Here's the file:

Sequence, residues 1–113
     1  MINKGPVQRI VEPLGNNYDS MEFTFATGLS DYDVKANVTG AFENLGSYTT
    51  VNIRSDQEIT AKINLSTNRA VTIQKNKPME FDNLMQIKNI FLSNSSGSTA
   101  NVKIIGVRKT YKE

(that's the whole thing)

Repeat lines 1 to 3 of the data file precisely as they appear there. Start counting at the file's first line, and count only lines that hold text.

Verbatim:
Sequence, residues 1–113
     1  MINKGPVQRI VEPLGNNYDS MEFTFATGLS DYDVKANVTG AFENLGSYTT
    51  VNIRSDQEIT AKINLSTNRA VTIQKNKPME FDNLMQIKNI FLSNSSGSTA